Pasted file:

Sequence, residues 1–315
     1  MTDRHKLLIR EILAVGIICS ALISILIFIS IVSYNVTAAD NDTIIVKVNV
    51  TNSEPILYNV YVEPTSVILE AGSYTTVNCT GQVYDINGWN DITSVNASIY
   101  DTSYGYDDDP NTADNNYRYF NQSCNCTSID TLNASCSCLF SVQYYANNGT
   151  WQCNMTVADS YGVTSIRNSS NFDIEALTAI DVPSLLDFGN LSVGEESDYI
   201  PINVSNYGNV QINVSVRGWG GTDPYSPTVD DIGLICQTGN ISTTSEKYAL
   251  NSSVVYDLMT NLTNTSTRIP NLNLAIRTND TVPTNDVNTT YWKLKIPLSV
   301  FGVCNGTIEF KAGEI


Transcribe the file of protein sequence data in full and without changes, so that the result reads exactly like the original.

Sequence, residues 1–315
     1  MTDRHKLLIR EILAVGIICS ALISILIFIS IVSYNVTAAD NDTIIVKVNV
    51  TNSEPILYNV YVEPTSVILE AGSYTTVNCT GQVYDINGWN DITSVNASIY
   101  DTSYGYDDDP NTADNNYRYF NQSCNCTSID TLNASCSCLF SVQYYANNGT
   151  WQCNMTVADS YGVTSIRNSS NFDIEALTAI DVPSLLDFGN LSVGEESDYI
   201  PINVSNYGNV QINVSVRGWG GTDPYSPTVD DIGLICQTGN ISTTSEKYAL
   251  NSSVVYDLMT NLTNTSTRIP NLNLAIRTND TVPTNDVNTT YWKLKIPLSV
   301  FGVCNGTIEF KAGEI